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Complying with California’s Final Pay Rules & Regulations

Failing to comply with California’s final pay laws can result in significant employer penalties – many of them quite severe. Understanding California’s final pay laws and the various ways to ensure compliance with these rigid statutes is key to avoiding costly penalties and possible employee/employer litigation.

Imagine this: a company has made the tough decision to terminate an employee for poor job performance. They’ve seemingly followed all the rules and regulations governing the termination of the employee, and all seems to be going as smoothly as possible. A few days later, they get a call from the fired employee asking where their quarterly bonus check ended up. The company doesn’t feel like the bonus is owed to the fired individual, but the employee insists on getting paid per the business-line incentive plan they’ve been operating under.

If the money is truly owed to the previous employee, the company might be on the hook for it – and any penalties resulting from being late on the final payment. This situation and countless others like it play out thousands of times each year across the State of California, costing millions of dollars in penalties and serious reputational damage to even the most compliant of employers. Let’s look at some of the most prevalent final pay violations and how to avoid them.


If an employee is fired in the State of California, they need to receive their final paycheck right away. The problem is, some terminated employees are discharged hastily – often as a result of a policy violation, ethics issue, or even workplace violence. Regardless of the reason for the termination, employers must provide an accurate final paycheck right away and issuing a check the same day as the termination is ideal. Also, employers should never pay using cash or a non-traceable form of payment, as you can always prove that a check was issued or direct deposit was attempted if called to question. Having the terminated employee sign a form confirming they’ve received final pay is a smart move, too.

If an employee quits and provides at least 72 hours' notice, employers must provide a final paycheck on their actual separation date. Employees who quit without providing at least 72 hours notice are entitled to receive their final paycheck within 72 hours of their last day at work. Even if the employee does not provide appropriate notice, there is nothing to be gained by waiting the full 72 hours to make the final payment. Employers should simply do the payroll calculations and cut a check or initiate an ACH/direct deposit, always erring on the side of paying too quickly.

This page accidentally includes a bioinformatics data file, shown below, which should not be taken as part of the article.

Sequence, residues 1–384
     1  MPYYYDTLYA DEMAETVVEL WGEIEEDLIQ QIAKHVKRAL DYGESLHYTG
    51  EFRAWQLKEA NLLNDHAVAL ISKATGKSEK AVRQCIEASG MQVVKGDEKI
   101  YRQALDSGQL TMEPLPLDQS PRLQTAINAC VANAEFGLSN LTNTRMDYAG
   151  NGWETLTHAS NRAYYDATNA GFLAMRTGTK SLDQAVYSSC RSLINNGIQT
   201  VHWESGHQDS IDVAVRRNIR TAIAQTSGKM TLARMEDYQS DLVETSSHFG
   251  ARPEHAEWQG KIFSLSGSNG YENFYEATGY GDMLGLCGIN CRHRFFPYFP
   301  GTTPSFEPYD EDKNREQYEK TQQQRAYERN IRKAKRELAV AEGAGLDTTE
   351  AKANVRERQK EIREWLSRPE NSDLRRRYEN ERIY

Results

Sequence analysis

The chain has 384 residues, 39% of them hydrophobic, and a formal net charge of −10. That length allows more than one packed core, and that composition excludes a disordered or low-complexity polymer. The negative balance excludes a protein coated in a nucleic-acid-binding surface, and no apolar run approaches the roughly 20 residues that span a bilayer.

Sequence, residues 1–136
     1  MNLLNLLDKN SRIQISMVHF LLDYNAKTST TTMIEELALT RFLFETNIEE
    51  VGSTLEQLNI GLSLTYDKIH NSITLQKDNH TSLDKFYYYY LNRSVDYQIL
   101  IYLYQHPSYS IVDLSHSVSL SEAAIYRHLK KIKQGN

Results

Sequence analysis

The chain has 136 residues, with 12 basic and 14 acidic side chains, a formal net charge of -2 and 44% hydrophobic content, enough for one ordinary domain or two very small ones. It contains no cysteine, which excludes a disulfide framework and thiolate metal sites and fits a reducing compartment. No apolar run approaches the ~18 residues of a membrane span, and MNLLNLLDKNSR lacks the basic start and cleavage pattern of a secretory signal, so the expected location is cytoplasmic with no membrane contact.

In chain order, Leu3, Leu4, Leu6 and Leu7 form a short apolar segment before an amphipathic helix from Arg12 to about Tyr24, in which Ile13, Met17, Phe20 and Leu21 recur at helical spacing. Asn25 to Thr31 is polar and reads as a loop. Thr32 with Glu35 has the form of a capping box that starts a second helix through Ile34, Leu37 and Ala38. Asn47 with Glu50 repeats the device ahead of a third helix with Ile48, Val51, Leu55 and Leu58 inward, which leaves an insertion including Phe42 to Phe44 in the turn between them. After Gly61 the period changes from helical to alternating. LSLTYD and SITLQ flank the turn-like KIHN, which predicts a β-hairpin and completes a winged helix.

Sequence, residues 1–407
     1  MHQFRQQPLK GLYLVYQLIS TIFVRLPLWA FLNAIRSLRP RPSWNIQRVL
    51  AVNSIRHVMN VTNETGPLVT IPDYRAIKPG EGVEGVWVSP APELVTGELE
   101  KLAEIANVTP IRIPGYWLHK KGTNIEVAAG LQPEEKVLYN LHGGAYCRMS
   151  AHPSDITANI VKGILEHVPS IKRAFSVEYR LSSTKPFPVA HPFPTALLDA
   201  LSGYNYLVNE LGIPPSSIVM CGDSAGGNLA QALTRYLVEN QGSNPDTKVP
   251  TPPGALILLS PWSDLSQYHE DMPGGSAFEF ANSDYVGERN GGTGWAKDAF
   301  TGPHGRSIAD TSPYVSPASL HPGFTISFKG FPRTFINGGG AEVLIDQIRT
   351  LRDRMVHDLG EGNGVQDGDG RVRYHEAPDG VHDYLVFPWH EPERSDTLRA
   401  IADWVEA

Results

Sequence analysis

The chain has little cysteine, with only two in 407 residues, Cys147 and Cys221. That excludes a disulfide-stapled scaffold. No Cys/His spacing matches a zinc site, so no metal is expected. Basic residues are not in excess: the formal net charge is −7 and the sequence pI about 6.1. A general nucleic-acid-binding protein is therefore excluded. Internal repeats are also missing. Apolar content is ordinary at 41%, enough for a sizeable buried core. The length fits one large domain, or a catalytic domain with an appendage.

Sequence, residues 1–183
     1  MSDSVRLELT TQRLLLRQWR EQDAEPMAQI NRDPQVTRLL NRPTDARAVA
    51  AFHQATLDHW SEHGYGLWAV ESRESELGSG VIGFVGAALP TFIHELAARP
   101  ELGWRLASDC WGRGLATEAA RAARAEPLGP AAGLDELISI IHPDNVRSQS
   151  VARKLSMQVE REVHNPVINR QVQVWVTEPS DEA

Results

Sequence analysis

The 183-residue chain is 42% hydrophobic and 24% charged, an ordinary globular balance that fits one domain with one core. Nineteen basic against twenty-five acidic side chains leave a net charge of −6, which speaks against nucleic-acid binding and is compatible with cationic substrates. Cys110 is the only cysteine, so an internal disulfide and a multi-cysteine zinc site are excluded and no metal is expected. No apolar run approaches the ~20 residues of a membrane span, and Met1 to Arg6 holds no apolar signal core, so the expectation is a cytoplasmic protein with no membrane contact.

• Other Unpaid Wages: In addition to promptly paying terminated California employees their final paychecks, employers must also ensure that other categories of unpaid wages are included on the individual’s final check. There are several types of wages that fall under the umbrella of “other” wages, including:
  • Unpaid overtime: Any previously earned overtime pay that has not yet been received by the affected employee must be included in the final paycheck. Failure to do so can trigger penalties through the Department of Labor Standards Enforcement.
  • Missed rest or lunch breaks: Under CA Labor Code section 226.7, an employer must pay CA-based employees an hour of pay for each missed meal or rest period during a normal shift. This is treated as normal wages and must also be included in the final paycheck.
  • Unused vacation time: Any accrued but unused vacation time must also be paid out to the terminated employee on their final check. It is illegal in the State of California to enact “use it or lose it” rules around vacation, which means any unused vacation time must be paid and cannot be forfeited.
  • Commissions, bonuses and other incentives: This one is a little less concrete, as the right to receive compensation for bonuses, commissions, and other job performance-related incentives is generally governed by an existing employment agreement, as well as California law. For instance, a company may stipulate that to receive a bonus, the individual must be an “active employee” during the payment timeframe. Person instructing another person where to sign a document


If an employer doesn’t abide by these laws, the penalties can be quite severe and the reputational risks are real. California’s Department of Labor Standards Enforcement imposes a “waiting time” penalty on employers who do not follow California final pay laws, equating to one day of normal wages for each day the employer is late making the final payment. For example, a 40-hour-per-week employee who earns $18/hour would earn $144 in penalties per day, with a maximum of 30 days. An employer who fails to make timely final pay on this wage earner could be on the hook for up to $4,320 in penalties if the issue is left unresolved for a full 30 days.

The bottom line? Businesses must pay terminated employees what they are owed and do so immediately. Even if an employer wants to take a stand and allow their principles to be their guide when faced with paying a terminated employee a bonus, overtime or other amounts owed, the costs of non-compliance can be staggering. California has some of the strictest laws in the nation concerning employee rights, and employers must fully understand all facets of final pay laws to ensure total compliance at all times.

Have you ever left a job, without receiving your final pay in a timely manner? The Los Angeles employment law attorneys at Feldman Browne, APC Law firm can assist you. Contact us and we can set up a free labor and employment review for you.